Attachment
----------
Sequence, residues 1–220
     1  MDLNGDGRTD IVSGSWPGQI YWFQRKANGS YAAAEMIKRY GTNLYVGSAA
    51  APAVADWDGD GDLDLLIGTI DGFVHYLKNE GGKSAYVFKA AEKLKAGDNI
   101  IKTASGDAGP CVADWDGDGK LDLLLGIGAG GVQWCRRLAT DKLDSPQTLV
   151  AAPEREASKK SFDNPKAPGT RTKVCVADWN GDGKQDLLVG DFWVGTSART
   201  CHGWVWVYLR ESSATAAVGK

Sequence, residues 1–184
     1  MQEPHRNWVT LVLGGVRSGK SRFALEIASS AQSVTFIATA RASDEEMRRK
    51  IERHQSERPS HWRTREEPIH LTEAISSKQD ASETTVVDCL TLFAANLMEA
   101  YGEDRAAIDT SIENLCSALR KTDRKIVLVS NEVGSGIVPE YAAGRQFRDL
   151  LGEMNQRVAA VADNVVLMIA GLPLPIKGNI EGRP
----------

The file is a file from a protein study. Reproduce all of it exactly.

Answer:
Sequence, residues 1–220
     1  MDLNGDGRTD IVSGSWPGQI YWFQRKANGS YAAAEMIKRY GTNLYVGSAA
    51  APAVADWDGD GDLDLLIGTI DGFVHYLKNE GGKSAYVFKA AEKLKAGDNI
   101  IKTASGDAGP CVADWDGDGK LDLLLGIGAG GVQWCRRLAT DKLDSPQTLV
   151  AAPEREASKK SFDNPKAPGT RTKVCVADWN GDGKQDLLVG DFWVGTSART
   201  CHGWVWVYLR ESSATAAVGK

Sequence, residues 1–184
     1  MQEPHRNWVT LVLGGVRSGK SRFALEIASS AQSVTFIATA RASDEEMRRK
    51  IERHQSERPS HWRTREEPIH LTEAISSKQD ASETTVVDCL TLFAANLMEA
   101  YGEDRAAIDT SIENLCSALR KTDRKIVLVS NEVGSGIVPE YAAGRQFRDL
   151  LGEMNQRVAA VADNVVLMIA GLPLPIKGNI EGRP